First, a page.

This coming weekend sees the 1997 Suffolk Open Rapidplay Championships, which take place on Sunday 19th January at the Town Hall and Corn Exchange, Ipswich. In recent years this event, which in its early years was open only to Juniors, has become so large that the entry form bears the claim "The UK's Largest one-day Chess Tounament".

There is no doubt that Ipswich has become one of the main rapidplay events in South-East England. The venue is as good as any, travel by road to Ipswich is very easy, and since the tournament benefits from the financial support of Kall-Kwik of Bury St. Edmunds and Ipswich Borough Council, a prize fund in the region of £1600 is on offer. All of this represents a very attractive package to competitors.

Large numbers of competitors will travel from Essex to take part. Last year, our players performed particularly well, winning almost every Junior section and scoring well in the Open events. Once again, strong Essex players have entered, and many of the Juniors have entered sections above their own age group, in the search of tougher opposition.

There is still time to enter by telephone without incurring a late entry fee. There are sections for under-7, u-8 and u-9 players (entry fee £4.50); u-10 and u-11 (£5); u-12 and u-13 (£5.50); u-14 & u-15 (£6). The Open is divided into two sections. Section B is for players graded under-125 (entry fee £7) and Section A for the strongest entrants (entry fee £8). In each section, first prize will be 10 times the entry fee, and other prizes will depend upon entry.

The Tournament Organiser is Bob Jones, who can be contacted on 01284 811555.

The next event in Essex will be the North Essex Open Rapidplay Tournament, organised by Roger Sharman (01206 231025) to be held at the Gilberd School, Colchester on 16th February.


The London under-12 Championship, details of which were included in last week's Recorder, was unusual for two reasons. Firstly, the Top Seed won the event (Peter Titmas of Barming School, Maidstone) and secondly, none of the competitors' grades were in excess of 120.

This second observation may cause some alarm amongst the National Organisers of Junior Chess, as there is evidence which suggests that the batch of chess-players currently in their final year at primary school is the weakest since the British Chess Federation first began to publish lists of the Top Twenty in each age group.

The current list was published in August last year, and the range of grades which covered the top twenty 10-year-old players was from 120 down to 93. In 1995-96, the equivalent age group was graded 133 to 98 and in 1994-95 the grades were 183 (Luke McShane) to 100. The year before that, which was the first year that the BCF published these lists, the grade range for the top 20 10-year-olds was 129 to 101.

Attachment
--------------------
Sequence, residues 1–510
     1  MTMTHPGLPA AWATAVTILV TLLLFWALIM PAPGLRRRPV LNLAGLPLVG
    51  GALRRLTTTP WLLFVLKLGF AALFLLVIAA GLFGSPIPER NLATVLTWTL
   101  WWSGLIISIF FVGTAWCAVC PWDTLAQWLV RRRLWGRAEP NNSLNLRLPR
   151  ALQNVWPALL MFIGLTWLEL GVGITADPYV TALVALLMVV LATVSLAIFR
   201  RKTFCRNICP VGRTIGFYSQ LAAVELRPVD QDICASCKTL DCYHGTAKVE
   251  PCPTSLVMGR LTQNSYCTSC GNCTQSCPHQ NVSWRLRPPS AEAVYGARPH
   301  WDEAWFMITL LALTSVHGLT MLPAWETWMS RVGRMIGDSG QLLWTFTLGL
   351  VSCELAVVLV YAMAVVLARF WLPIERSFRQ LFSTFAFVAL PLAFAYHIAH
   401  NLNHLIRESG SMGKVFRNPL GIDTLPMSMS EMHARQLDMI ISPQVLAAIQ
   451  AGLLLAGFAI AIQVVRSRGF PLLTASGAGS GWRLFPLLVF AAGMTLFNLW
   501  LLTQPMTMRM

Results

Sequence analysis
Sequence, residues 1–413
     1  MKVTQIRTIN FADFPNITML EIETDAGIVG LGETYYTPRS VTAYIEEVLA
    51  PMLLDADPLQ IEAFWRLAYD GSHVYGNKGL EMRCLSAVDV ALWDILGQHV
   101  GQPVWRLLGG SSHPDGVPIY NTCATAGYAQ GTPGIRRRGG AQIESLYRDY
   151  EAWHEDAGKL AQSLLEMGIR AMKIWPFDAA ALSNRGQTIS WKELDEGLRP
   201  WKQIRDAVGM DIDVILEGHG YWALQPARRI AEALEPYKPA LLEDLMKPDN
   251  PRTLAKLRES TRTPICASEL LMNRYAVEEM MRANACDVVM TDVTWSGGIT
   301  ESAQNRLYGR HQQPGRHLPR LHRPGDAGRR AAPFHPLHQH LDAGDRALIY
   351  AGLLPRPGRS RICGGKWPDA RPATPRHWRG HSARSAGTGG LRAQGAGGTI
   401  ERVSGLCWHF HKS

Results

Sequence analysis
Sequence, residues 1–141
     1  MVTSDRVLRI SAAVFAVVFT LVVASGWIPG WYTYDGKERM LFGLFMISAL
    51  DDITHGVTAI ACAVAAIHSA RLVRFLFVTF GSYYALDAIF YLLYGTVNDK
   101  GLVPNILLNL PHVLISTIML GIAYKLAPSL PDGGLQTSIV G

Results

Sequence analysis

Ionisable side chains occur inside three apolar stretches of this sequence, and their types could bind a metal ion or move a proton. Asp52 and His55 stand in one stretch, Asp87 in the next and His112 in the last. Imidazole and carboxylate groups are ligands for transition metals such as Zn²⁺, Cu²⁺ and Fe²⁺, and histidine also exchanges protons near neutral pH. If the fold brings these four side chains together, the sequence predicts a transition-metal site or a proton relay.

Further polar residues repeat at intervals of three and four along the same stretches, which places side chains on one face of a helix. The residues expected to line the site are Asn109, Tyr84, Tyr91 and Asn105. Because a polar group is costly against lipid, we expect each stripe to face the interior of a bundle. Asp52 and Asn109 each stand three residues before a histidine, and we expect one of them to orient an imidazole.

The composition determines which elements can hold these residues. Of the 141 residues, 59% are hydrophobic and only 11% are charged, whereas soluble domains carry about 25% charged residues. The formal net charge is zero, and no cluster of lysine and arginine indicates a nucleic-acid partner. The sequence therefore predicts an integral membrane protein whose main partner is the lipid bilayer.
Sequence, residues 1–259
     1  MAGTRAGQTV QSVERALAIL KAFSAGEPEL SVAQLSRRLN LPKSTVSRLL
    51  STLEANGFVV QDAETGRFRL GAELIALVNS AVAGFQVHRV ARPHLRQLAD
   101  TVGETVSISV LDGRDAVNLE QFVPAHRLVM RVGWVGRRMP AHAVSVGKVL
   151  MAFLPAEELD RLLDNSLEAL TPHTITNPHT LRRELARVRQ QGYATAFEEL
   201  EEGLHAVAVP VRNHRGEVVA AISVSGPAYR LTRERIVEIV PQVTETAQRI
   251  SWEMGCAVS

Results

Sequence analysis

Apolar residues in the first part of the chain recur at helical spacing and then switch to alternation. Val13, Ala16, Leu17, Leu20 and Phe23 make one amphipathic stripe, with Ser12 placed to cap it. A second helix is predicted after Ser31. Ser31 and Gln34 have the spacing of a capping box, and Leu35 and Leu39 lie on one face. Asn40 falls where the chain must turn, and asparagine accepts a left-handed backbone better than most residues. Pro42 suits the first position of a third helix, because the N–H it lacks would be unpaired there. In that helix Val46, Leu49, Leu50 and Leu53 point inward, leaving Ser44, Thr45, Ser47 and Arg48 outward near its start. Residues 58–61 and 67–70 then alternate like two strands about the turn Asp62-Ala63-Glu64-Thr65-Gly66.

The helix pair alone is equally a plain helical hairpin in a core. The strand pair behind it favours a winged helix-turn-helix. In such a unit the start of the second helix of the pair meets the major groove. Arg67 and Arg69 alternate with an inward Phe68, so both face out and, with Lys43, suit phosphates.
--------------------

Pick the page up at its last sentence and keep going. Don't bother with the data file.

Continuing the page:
This weakening appears to be a "blip" rather than a trend, as the top 20 players yet to reach their 10th birthday are back to normality with a range of grades from 117 (Gawain Jones) to 83. However, this certainly re-inforces the view that the current under-11s are not so strong. In Nottingham last August, the British under-10 Championship was won by Gawain Jones, aged 8 at the time. Leonard Barden, in a Guardian article published to co-incide with the London under-10 Championship, berated the British Chess Federation for not sending Gawain to represent England in the World Championship. Mr. Barden was instrumental in sending Luke McShane, aged 8 at the time, to the World under-10, and of course Luke won the event and became the youngest ever FIDE master. However, Luke was, and still is, quite the most exceptional chess player this country has produced, having recently notched up an IM norm a month before his 13th birthday, an achievement hitherto unprecedented anywhere in the world.

There is, of course, no firm evidence to suggest that an early display of talent will automatically lead to great things in later life, but it does help. There are several examples of players whose later development was far in excess of anything which could reasonably have been expected from their performances as primary school children. Nigel Short and Michael Adams both broke records on their way to Grandmaster status, but Matthew Sadler was, by their standards, a late developer. Matthew's grade was 128 as an 11-year-old but at 16 he was the World's youngest IM. He is now a "SuperGrandmaster" with a FIDE rating of 2615.

One of the top Essex players, Michael Twyble, was very impressed with the standard of play in the London under-12. Here are two of the games showing the players' book knowledge of the Sicilian Dragon.

d'Costa, Lorin - Titmas, Peter

London u12 rd 6, 1996

1.e4 c5 2.Nf3 d6 3.d4 cxd4 4.Nxd4 Nf6 5.Nc3 g6 6.Be3 Bg7 7.f3 0-0 8.Qd2 Nc6 9.0-0-0 d5 10.exd5 Nxd5 11.Nxc6 bxc6 12.Nxd5 cxd5 13.Qxd5 Qc7 14.Qc5 Qb7 15.Bd4 Bf5 16.c3 Rfc8 17.Qa3 Bh6+ 18.Rd2 Bxd2+ 19.Kxd2 Rab8 20.b3 Qd7 21.Qa5 Qc7 22.Qxc7 Rxc7 23.Bd3 Bxd3 24.Be5 Rd7 25.Bxb8 Bb1+ 26.Ke3 Bxa2 27.Ra1 Bxb3 28.Rxa7 Rxa7 29.Bxa7 Kf8 30.Kd4 Ke8 31.Ke4 Kd7 32.Kf4 f6 ½-½

d'Costa, Lorin - Ghasi, Ameet

London u12 rd 8, 1996

1.e4 c5 2.Nf3 d6 3.d4 cxd4 4.Nxd4 Nf6 5.Nc3 g6 6.Be3 Bg7 7.f3 Nc6 8.Qd2 0-0 9.0-0-0 d5 10.exd5 Nxd5 11.Nxc6 bxc6 12.Nxd5 cxd5 13.Qxd5 Qc7 14.Qc5 Qb7 15.b3 Bf5 16.Bc4 Rac8 17.Qa3 Qc7 18.Rd2 Rfd8 19.Rhd1 Rxd2 20.Rxd2 Qe5 21.Re2 Qa1+ 22.Kd2 Bc3 0-1

White to play and win.

Forsyth: q1rr2k1/p4ppp/1p4n1/2pN1N1Q/3b1P2/1P4P1/P6P/3R1Rk1.

Last week's solution (Rossolimo - Raizman, 1967): 1 Bxd5 cxd5 2 Nf6+ Kh8 3 Qg6 Qc2 4 Rh3 black resigns